Uprooted and dumped in a small town at the edge of the Colorado mountains, Jimmy Walker is at odds with everything. He feels adrift, alienated from his classmates and even his own family. It's hard being a teenager in a new town, struggling with grades, depression, hostile classmates, and a stepfather bent on making his life hell-
Until a violent collision with fate leaves Jimmy bleeding under the light of a Full Moon...
Praise for Walking Wolf Road:
“[Walking Wolf Road] has everything. Ghosts, werewolves, romance, and some beautifully arranged prose. I hope to see more work from author Brandon M. Herbert on our platform soon!”
Heather Weid, Kbuuk “Halloween Weekend Reads”
“Brandon M. Herbert has written an exciting urban fantasy that kept me highly entertained. I highly recommend this book if you love paranormal, shifter or urban fantasy genres!”
Lynn Worton, Book Reviews by Lynn blog.
“I loved it! This is a great, fast-paced read you can really sink your teeth into, no pun intended!”
Janell Rhiannon, author Invisible Wings and Birth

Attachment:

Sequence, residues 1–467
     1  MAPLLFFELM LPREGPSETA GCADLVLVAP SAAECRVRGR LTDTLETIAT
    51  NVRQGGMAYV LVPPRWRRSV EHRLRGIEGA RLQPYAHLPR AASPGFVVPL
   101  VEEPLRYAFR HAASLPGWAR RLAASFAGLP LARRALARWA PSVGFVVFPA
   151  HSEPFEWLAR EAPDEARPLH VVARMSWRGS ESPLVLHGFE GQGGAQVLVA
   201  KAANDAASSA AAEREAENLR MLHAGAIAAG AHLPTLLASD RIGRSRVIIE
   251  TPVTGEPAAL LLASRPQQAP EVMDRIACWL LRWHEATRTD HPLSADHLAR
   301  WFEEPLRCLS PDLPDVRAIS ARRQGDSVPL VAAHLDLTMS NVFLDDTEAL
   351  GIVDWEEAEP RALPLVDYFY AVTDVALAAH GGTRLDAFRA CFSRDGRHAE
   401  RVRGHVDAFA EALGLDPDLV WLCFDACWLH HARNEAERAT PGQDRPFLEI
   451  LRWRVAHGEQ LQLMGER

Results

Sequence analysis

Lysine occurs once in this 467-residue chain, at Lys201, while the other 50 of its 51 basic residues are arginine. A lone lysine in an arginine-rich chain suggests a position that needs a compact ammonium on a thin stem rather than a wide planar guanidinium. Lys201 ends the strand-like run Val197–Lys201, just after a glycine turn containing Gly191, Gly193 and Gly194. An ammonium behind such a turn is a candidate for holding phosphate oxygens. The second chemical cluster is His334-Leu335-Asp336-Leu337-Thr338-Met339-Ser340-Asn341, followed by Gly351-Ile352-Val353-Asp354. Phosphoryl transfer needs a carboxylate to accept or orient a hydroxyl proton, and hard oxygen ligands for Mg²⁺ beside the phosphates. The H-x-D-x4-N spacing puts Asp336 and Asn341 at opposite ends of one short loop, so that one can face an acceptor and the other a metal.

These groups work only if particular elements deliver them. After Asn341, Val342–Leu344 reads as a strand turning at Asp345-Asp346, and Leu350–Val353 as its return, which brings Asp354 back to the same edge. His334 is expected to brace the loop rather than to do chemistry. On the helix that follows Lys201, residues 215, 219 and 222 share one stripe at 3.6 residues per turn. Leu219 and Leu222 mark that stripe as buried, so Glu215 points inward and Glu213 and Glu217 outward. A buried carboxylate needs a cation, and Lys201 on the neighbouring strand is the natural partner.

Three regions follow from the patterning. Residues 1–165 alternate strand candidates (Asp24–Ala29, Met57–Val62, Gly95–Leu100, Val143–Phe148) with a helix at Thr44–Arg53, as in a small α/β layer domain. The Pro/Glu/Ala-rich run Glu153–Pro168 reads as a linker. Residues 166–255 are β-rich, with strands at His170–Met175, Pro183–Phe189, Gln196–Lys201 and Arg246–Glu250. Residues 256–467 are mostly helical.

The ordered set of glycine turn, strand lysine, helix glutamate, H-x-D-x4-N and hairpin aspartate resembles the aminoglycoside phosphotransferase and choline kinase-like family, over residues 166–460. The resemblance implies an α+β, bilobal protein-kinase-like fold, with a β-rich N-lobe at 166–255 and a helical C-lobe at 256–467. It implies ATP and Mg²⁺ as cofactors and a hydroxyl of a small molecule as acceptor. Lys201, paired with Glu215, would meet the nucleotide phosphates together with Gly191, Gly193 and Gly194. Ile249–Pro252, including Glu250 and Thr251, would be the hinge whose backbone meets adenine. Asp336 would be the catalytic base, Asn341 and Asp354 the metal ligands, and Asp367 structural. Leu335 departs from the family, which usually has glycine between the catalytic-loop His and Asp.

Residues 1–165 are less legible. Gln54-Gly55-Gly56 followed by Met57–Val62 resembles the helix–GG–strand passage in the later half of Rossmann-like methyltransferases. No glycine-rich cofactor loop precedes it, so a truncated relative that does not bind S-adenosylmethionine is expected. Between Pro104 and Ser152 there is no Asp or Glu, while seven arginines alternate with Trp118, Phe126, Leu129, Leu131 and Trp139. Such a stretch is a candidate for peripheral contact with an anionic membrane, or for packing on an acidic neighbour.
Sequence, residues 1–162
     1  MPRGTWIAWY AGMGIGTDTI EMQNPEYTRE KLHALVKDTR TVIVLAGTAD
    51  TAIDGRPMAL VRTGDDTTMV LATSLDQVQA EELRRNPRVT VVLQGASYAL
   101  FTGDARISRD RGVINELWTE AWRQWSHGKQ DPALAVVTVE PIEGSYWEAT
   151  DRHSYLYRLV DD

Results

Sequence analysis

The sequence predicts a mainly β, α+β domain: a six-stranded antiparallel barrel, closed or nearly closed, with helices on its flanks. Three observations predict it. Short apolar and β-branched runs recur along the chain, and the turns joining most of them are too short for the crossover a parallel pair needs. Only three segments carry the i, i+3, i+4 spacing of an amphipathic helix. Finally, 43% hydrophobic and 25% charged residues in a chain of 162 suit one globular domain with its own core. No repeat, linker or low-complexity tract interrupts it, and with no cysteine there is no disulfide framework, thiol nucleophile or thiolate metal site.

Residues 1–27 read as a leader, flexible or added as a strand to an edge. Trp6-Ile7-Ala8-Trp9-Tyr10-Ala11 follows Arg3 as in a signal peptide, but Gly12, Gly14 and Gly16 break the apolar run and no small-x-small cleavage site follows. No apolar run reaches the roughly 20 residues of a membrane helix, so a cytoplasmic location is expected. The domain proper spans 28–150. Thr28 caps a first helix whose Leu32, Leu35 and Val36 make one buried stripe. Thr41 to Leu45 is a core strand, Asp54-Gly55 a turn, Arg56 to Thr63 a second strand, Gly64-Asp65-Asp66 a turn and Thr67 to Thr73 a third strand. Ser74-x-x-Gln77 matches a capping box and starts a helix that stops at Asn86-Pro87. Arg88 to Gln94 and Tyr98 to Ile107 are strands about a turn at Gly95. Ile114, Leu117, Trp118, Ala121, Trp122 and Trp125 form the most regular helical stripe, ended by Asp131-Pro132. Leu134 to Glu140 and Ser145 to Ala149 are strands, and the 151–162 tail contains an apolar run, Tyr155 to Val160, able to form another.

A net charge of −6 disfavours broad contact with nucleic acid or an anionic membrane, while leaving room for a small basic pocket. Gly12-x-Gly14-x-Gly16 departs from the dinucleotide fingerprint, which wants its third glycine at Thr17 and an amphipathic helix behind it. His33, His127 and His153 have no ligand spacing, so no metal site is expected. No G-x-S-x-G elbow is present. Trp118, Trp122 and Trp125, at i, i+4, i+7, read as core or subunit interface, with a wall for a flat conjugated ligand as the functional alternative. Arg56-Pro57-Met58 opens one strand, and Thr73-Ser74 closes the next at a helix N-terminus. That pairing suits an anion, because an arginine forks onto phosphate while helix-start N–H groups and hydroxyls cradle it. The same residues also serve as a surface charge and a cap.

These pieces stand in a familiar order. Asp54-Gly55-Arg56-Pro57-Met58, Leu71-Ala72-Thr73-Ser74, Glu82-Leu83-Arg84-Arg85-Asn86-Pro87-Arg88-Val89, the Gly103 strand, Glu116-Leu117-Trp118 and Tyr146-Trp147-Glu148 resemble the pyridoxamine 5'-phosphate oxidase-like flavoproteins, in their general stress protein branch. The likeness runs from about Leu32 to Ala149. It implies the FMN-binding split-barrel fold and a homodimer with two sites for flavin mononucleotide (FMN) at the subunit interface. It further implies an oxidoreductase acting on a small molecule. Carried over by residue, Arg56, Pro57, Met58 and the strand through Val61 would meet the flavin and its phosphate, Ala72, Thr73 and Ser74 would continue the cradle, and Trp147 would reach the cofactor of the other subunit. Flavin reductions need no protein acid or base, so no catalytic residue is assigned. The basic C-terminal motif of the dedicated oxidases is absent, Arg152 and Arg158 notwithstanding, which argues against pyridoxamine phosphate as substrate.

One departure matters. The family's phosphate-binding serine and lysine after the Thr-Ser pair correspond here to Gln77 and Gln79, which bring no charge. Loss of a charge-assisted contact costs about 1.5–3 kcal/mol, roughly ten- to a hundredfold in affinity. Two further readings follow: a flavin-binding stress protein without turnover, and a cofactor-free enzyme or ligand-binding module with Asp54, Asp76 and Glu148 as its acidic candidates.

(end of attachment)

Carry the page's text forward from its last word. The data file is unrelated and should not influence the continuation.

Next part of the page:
“[Herbert] kept the tension high right up to the end, and provided a great finale using all of the elements he began building from the start. Needless to say I was satisfied… and I am (not so) patiently awaiting a sequel!”
J.D. Wiley, award winning author of The Bitter Bullet & Sky Gala
“Walking Wolf Road was filled with the mythology of werewolves, shamanism, and philosophy. All of this hit exactly the right spot for me. I thoroughly enjoyed this book!”
K.C. Faelan, author of If At First You Don’t Succeed.
Overall the book was thrilling and had good elements. At times things felt repetitive or slow but a good story nonetheless. It was nice to read the book that my mother and father wrote together. Even if they are no longer together it was nice to see their collaborative minds in this book.
Anyone who has ever come of age feeling like an outsider will probably appreciate this novel, which blends supernatural mysticism with teen angst in a refreshingly genuine way. Herbert's characters feel like real people; their joys and hurts resonated strongly with my own memories of high school, and the vividly luscious descriptions of wolf senses added an extra degree of depth. I appreciate that the story doesn't shy away from difficult subjects like depression and suicide, and the effects those things have both on individuals and communities. It's an excellent read and I'm very much looking forward to Book 2.